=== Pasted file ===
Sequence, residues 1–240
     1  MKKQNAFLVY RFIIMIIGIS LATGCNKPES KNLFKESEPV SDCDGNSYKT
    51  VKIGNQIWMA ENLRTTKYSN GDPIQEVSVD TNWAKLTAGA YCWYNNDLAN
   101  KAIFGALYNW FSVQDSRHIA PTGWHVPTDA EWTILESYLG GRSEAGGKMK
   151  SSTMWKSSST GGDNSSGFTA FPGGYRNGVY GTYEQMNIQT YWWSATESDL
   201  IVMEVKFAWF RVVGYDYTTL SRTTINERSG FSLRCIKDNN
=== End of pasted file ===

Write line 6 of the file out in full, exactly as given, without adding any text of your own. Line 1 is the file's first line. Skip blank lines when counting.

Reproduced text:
   201  IVMEVKFAWF RVVGYDYTTL SRTTINERSG FSLRCIKDNN